Tesla succeeds where Trump flails, brings power to Puerto Rico with solar panels

Joe Romm ThinkProgress

Five weeks after hurricane Maria slammed into Puerto Rico, President Donald Trump’s team has only managed to restore power for a mere 26 percent of the island’s 3.5 million U.S. citizens.

Meanwhile the tiny Trump-linked energy contractor that won a $300-million no-bid contract to rebuild the grid, Whitefish Energy, is also under fire.

One businessman, however, has already started to deliver on his promise to help Puerto. Elon Musk has used Tesla’s solar panels and battery storage to turn the power back on San Juan’s Children’s Hospital — and he did it free of charge.

San Juan’s Hospital del Nino serves some 3,000 children on the island, with three dozen critically ill patients who need around-the-clock care.

In a viral Instagram post, Musk explained, “Hospital del Niño (Children’s Hospital) is the first of many solar+battery Tesla projects going live in Puerto Rico. Glad to help support the recovery. Congrats to the Tesla team for working 24/7 to make this happen as fast as possible.”

Also on Twitter, Puerto Rico’s Governor Ricardo Rossello offered his appreciation Wednesday for what Tesla accomplished in just a couple of weeks.

In sharp contrast, Whitefish Energy, an unproven Montana-based firm with two full-time employees that was mysteriously awarded a massive contract to rebuild the grid, has been engaging in a bizarre Twitter war with San Juan’s mayor, even threatening to pull its subcontractors out of the island. Congressional lawmakers and the Puerto Rican governor have already called for an investigation into Whitefish and the award of its contract.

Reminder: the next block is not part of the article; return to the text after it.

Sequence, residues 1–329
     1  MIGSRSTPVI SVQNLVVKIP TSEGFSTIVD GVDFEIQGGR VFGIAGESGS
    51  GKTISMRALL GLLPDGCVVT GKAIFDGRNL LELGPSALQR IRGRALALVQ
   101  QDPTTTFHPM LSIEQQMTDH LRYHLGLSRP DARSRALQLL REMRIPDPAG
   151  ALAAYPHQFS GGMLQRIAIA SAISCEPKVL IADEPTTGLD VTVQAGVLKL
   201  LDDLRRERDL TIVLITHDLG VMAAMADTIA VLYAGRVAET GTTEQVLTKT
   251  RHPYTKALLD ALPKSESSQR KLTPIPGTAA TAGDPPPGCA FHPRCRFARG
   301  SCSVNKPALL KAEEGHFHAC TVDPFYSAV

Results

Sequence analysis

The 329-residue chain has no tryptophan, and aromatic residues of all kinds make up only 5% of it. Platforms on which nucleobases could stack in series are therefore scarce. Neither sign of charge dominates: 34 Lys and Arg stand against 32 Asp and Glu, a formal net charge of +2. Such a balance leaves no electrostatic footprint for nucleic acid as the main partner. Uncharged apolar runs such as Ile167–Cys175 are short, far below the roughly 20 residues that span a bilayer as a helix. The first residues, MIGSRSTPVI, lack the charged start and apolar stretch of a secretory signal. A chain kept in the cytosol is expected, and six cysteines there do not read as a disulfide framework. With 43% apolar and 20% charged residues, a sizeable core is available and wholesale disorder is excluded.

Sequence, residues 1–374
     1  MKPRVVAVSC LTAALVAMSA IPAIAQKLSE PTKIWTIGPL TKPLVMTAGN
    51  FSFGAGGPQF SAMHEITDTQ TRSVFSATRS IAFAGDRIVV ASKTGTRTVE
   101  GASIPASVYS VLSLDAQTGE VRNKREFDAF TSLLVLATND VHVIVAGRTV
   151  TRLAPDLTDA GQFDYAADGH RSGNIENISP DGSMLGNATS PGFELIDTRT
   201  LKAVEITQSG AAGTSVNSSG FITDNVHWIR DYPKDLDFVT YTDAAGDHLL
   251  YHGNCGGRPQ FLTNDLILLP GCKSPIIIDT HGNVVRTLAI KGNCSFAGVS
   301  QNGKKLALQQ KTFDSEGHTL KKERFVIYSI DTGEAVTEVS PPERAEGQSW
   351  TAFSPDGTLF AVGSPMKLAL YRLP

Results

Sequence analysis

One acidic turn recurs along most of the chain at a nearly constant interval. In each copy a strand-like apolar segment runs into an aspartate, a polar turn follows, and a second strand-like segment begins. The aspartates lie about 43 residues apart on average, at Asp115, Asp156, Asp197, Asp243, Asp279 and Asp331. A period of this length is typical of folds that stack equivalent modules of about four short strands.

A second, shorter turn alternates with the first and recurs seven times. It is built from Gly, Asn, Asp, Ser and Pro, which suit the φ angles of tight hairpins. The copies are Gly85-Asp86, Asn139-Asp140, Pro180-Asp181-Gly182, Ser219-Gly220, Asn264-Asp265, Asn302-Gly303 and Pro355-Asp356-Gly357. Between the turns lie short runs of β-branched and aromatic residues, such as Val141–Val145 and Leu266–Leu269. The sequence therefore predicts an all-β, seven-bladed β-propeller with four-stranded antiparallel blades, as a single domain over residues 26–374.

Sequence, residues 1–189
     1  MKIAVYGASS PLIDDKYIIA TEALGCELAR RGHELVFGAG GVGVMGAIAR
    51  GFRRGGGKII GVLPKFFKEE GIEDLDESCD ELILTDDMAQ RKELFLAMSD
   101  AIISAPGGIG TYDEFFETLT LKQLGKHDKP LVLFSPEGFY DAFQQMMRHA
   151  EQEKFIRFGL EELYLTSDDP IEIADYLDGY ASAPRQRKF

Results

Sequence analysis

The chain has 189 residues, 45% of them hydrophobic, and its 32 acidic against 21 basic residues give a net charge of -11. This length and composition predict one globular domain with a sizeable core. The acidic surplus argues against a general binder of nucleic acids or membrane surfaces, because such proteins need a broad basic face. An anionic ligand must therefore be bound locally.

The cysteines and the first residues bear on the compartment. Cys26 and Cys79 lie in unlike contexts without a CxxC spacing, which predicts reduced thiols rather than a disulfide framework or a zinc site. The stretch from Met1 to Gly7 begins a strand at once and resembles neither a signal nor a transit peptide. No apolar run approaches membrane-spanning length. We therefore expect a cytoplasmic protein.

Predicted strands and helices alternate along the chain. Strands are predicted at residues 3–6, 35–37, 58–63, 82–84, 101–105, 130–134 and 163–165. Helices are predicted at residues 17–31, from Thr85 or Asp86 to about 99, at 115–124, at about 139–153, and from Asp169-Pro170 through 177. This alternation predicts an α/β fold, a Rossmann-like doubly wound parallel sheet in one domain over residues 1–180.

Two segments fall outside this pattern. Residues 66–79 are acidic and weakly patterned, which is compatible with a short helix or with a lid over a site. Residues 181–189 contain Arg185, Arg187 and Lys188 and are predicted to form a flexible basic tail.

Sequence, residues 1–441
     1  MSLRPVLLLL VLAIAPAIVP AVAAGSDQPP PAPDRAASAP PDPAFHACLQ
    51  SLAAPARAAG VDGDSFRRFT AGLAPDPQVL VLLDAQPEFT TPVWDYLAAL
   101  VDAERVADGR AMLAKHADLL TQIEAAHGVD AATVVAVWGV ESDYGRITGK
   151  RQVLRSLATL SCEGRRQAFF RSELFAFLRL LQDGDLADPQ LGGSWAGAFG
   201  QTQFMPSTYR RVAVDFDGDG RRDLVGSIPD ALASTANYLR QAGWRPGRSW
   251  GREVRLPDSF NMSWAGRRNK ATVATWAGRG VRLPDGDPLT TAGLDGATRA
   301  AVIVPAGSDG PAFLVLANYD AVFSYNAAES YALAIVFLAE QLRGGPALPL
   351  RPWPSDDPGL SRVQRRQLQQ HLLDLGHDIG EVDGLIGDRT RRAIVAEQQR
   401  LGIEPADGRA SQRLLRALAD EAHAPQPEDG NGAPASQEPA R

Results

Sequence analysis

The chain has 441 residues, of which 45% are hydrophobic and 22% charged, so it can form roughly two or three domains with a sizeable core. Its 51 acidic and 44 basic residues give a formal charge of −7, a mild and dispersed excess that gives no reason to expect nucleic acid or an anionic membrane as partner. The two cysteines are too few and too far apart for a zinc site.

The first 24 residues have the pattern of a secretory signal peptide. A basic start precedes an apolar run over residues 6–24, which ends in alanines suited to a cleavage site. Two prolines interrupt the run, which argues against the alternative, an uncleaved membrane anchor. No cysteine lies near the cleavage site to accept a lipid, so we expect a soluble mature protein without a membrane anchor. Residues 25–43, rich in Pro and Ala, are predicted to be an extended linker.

Overall, the Trump administration-led response to the disaster has been, well, a disaster. Headlines from just the last couple of days include, “Puerto Ricans at Risk of Waterborne Disease Outbreaks in Wake of Hurricane Maria” (NBC), “The Struggle for Stability in Puerto Rico,” (WNYC), and “‘Like Going Back in Time’: Puerto Ricans Put Survival Skills to Use,” (New York Times).

Until power is restored, Puerto Rico’s problems will only get worse. It’s time to give the entire grid rebuild job to the company with a track record of success and the only technology that can restore the grid quickly, cheaply and cleanly–Tesla.


Reposted from ThinkProgress